Pigeon Forge — On Sunday afternoon, it was business as usual at the Smoky Mountain Opry, where the only surprises came from the magic tricks on stage. Less than 24 hours before, there was a different, far more dangerous surprise.
General Manager Michael Headla said that three minutes before the end of the performance, a technician was in a small room behind the stage operating a machine that uses carbon dioxide to create fog and effects for the show.
"It was noticed that he wasn't doing his next cue, so one of our other technicians, and followed by another, bravely and heroically went in to assist him as quickly as possible," Headla said. "To operate this particular effect, there is a valve to the CO2 line that is turned on, typically for just a brief moment, but for some reason, that valve was left open and continued to pump CO2 into the room. As it just happened last night, we're still trying to get all of our questions answered as to what exactly happened."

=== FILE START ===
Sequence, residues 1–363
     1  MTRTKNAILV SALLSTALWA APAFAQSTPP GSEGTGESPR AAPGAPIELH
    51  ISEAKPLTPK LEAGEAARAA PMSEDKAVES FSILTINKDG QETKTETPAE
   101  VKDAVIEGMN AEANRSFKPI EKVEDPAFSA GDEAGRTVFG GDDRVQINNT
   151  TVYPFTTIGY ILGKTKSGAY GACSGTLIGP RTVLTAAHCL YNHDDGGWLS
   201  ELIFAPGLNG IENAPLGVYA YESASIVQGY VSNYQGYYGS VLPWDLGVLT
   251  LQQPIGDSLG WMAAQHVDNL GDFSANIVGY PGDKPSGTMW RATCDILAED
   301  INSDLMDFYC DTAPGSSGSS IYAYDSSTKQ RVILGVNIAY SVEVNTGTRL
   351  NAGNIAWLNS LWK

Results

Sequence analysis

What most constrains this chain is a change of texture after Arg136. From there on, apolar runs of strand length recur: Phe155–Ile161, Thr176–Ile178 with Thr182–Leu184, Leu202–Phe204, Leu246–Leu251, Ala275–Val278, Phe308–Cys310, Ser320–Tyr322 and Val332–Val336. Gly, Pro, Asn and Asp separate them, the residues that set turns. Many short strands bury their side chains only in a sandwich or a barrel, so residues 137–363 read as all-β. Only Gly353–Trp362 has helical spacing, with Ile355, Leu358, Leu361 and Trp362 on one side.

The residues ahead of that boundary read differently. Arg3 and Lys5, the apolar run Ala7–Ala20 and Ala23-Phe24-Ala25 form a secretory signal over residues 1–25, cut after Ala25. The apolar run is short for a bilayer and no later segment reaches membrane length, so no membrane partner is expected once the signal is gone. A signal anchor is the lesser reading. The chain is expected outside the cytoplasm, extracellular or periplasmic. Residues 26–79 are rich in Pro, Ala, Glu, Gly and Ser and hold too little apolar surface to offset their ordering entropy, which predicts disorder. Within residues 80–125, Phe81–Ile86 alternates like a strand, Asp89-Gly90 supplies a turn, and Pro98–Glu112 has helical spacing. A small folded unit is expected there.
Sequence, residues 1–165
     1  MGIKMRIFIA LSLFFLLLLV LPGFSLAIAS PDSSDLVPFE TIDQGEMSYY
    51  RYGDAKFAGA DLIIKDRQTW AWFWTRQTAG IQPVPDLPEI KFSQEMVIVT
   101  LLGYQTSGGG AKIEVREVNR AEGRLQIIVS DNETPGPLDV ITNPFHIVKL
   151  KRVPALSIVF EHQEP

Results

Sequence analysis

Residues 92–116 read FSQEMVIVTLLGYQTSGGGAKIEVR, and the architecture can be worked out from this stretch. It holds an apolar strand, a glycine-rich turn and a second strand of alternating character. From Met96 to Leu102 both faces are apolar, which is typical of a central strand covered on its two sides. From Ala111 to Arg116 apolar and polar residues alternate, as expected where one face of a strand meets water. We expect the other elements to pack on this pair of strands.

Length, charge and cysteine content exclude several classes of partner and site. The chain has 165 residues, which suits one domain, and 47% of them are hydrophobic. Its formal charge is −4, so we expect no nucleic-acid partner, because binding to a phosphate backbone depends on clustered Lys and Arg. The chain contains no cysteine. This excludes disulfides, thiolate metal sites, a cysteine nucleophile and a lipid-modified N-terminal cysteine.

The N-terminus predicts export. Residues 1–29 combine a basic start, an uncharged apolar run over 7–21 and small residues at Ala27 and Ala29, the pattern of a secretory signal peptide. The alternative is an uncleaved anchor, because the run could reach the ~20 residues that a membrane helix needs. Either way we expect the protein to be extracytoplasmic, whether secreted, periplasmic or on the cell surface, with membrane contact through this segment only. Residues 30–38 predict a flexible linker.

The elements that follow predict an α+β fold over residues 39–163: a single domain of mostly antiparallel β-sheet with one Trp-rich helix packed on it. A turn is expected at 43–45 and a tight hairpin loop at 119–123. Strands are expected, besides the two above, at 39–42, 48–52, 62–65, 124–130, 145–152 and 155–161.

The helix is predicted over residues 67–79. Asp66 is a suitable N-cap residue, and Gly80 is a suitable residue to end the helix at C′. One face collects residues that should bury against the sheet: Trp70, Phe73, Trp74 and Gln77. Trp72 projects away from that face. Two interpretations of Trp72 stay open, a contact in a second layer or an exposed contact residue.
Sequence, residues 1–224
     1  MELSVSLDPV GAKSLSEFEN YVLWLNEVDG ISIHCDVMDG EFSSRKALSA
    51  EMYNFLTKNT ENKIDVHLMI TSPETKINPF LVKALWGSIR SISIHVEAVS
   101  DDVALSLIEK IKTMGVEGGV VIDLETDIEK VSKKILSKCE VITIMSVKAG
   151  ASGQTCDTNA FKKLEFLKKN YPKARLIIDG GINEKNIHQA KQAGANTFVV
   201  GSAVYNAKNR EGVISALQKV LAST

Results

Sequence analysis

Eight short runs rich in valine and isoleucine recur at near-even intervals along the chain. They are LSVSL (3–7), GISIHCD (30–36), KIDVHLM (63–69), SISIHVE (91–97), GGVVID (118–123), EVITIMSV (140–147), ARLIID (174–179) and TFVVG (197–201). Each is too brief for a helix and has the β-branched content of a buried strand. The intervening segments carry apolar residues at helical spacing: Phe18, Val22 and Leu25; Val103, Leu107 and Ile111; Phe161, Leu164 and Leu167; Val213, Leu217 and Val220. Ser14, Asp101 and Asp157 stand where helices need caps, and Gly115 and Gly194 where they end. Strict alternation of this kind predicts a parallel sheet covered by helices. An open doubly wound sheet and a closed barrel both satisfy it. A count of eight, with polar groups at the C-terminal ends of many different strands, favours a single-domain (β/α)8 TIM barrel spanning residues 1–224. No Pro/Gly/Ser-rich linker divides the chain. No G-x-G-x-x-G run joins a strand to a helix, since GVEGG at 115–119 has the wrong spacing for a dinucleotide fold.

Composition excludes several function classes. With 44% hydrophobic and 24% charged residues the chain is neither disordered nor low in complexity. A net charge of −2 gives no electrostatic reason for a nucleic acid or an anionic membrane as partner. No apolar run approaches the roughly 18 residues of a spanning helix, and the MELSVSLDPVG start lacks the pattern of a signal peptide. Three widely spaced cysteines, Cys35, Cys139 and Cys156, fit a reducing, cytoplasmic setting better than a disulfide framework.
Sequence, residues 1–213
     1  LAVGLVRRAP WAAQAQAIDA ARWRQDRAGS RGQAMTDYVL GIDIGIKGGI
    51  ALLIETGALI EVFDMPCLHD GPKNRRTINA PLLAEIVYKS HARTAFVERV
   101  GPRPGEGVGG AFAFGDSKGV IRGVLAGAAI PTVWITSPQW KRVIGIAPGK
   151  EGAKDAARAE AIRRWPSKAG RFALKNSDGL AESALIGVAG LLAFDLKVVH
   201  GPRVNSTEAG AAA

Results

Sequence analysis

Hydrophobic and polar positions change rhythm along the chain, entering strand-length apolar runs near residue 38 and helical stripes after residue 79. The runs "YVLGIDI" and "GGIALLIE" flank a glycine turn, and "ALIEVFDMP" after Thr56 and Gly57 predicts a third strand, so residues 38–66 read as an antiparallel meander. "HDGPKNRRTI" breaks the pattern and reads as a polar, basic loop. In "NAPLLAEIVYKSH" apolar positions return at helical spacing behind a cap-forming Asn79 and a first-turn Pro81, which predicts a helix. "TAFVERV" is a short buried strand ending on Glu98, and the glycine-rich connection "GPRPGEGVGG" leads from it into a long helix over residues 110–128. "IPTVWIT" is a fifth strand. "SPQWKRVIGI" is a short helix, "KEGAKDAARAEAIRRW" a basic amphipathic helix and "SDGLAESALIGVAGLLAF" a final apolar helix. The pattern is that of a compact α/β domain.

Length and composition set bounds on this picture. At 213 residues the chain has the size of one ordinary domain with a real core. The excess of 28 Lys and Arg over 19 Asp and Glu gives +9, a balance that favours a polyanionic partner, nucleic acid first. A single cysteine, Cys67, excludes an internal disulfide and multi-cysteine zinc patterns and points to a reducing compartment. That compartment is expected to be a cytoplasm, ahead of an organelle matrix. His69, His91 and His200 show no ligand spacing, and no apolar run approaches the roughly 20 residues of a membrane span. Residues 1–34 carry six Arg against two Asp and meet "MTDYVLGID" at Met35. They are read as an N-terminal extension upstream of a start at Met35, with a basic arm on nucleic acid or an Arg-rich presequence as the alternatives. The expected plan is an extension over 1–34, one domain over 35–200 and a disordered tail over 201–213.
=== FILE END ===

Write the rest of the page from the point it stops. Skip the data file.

Even though the leak was in a contained room separated from the rest of the theater, Headla says they immediately started ushering audience members and employees out of the building as they waited for authorities to arrive.
"We activated a fire alarm which set off the lights and bells and whistles, and we were able to get everyone quickly out of the building," Headla said.
The two technicians who rushed to help were taken to the hospital and released shortly thereafter, but the initial technician remains at UT Medical Center.
"All of our thoughts and prayers go out to our tech and his family who is with him now," Headla said.
Authorities checked and cleared the entire building Saturday night, and while shows on Sunday went on as scheduled, Headla says they'll be gathering more information to make sure a leak like this never happens again.